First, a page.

Flatpak’s permissions can be confusing. Some are technical and need knowledge on how they work, and others are self-explanatory. Some are added before the app starts, known as static permissions, and some are requested when the user runs the app, known as dynamic permissions. Many may also criticize Flatpak for lacking Android-style permissions while being unaware of the existence of XDG Desktop Portals.
In this article, I’m going to explain:
- What static and dynamic permissions are
- The differences between static and dynamic permissions
- The issues with static permissions
- What XDG Desktop Portals are and how they work
- Why static permissions exist in the first place
GNOME’s philosophy is sophisticated and there is a lot of room for forgetting important information, as design and user experience are, in my opinion, really difficult to understand, while being really easy to misunderstand as well.
For starters, I will explain the key focus of GNOME. Then, I will be explaining and elaborating on how GNOME approaches it. I will also share my opinion on that matter.
Recently, GNOME added an option into GNOME Settings to adjust pointer acceleration, which was a feature that the developers and designers were originally against. One person managed to convince them, by giving one reason. Thanks to them, pointer acceleration options are now available in GNOME Settings!
Firstly, I’m going to summarize the relevant parts of the proposal and discussion behind the addition, and explain how it was accepted. Then, to build on top of that, GNOME’s philosophy and the importance of taking it into consideration. And lastly, how to propose features to GNOME and what to avoid.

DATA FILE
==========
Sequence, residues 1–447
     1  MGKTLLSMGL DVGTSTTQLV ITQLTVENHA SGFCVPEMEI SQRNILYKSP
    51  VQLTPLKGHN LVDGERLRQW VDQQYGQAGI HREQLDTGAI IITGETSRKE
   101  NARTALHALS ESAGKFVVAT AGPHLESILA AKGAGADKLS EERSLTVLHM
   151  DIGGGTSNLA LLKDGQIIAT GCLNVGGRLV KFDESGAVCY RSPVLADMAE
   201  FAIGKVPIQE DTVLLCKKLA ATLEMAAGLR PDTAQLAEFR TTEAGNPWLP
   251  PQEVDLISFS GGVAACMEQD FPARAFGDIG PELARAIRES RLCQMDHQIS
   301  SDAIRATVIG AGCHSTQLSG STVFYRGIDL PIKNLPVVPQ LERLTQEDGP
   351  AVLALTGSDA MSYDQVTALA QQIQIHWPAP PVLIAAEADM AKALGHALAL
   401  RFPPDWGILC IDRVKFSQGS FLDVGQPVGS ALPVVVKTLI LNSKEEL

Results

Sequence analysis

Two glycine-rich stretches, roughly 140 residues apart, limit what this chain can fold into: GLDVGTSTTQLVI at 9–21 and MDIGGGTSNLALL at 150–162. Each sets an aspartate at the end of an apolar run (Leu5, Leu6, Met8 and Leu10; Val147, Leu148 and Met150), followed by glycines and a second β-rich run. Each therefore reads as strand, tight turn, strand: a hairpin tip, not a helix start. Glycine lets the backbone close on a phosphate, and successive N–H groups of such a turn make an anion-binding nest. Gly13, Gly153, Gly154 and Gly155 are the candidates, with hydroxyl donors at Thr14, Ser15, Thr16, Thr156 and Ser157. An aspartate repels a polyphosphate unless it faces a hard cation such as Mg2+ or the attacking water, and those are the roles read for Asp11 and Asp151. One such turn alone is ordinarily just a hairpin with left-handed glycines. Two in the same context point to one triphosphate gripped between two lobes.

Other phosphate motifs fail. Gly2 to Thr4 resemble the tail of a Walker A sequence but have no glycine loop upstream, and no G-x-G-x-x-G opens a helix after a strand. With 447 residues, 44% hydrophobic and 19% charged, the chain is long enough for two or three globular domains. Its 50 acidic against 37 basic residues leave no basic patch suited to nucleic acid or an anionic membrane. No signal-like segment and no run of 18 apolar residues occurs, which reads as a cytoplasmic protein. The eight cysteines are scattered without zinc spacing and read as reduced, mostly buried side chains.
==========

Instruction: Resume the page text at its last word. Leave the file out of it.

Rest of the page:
However, this article is not about whether GNOME is successful with their philosophy, and the tone of developers and designers. Additionally, this isn’t about where to propose features, rather how to formulate the proposal and what to consider.
For the longest time, the GNOME Project has created many controversies because of their sheer resistance in public pressure, very opinionated and sometimes unpopular stances on the Linux desktop, and, from time to time, dismissive behavior.
While the GNOME Project is not without their faults, I often see people claim that the GNOME Project is anti-collaborative because they follow the “my way or the highway” mindset. I would like to explain where this mindset comes from, why this is an aggravated claim, and what you can do if you are negatively affected by the GNOME Project’s decisions.
The Fedora Project is a great organization to gain experience no matter the team you are in. I am currently a part of the Fedora Websites & Apps team improving my technical writing, communication and design skills.
With all the things the Fedora Project does well, there are several places that, in my opinion, need to be improved. I’d like to go over some key areas where we could improve Fedora Linux from a user perspective without breaking the Fedora Project’s core philosophies.